Bannister’s paintings span a variety of genres, including rural and urban landscapes, seascapes, portraits, mythological and biblical scenes, and still lifes. In this representation of a large bouquet of flowers, his loose brushwork and moderate use of bright colours against darker foliage creates a dynamic, impressionistic display. The artist’s technical proficiency and exploration of different genres and styles demonstrates his drive to overcome the social barriers that prevented him from receiving formal artistic training. He declared that “whatever may be my success as an artist is due more to inherited potential than to instruction.” During his years in Providence, as he gained confidence in the direction of his art and established his reputation, Bannister focused increasingly on recording the coastlines and landscape of Rhode Island.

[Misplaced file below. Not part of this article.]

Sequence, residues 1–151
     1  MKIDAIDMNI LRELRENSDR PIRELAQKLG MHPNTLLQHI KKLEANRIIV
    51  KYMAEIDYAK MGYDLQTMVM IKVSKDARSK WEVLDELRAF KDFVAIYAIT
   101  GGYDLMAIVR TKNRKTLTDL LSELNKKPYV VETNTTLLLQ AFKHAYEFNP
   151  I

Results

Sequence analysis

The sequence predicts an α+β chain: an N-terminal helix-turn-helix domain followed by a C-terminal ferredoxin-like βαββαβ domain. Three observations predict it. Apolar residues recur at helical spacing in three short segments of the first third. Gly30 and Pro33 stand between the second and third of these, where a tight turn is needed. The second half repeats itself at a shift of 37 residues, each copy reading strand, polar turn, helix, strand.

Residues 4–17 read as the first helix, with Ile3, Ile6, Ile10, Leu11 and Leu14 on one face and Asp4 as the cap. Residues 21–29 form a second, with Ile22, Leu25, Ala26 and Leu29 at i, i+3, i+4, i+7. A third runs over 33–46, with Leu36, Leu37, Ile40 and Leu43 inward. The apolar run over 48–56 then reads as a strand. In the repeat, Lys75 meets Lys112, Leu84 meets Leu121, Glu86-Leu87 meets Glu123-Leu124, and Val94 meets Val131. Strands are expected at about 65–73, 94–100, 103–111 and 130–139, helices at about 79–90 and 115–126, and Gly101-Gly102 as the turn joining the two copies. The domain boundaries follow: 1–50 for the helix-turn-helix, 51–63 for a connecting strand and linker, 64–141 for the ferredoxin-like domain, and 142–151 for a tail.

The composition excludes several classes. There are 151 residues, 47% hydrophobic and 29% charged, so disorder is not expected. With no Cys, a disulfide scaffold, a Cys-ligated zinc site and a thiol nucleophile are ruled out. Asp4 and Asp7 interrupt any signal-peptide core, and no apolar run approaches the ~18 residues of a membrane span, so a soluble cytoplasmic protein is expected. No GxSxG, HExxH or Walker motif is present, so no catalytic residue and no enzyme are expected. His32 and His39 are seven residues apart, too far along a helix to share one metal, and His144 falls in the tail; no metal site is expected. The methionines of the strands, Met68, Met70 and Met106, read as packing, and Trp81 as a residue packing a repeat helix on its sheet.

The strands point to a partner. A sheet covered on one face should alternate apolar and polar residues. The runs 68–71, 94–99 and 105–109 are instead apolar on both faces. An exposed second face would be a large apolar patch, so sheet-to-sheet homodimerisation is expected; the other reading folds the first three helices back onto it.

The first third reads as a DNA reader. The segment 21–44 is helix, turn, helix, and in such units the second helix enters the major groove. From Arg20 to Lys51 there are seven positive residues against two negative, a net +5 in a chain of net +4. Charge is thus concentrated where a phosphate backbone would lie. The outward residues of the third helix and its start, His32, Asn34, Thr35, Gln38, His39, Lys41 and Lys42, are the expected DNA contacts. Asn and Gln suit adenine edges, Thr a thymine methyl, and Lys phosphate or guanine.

Artist and Abolitionist
Edward Mitchell Bannister, Untitled (floral still life), n.d.
Ooil on canvas, 75.8 x 63.5 cm, Collection of the Smithsonian American Art Museum, Washington, DC, Gift of H. Alan and Melvin Frank (1983.95.152).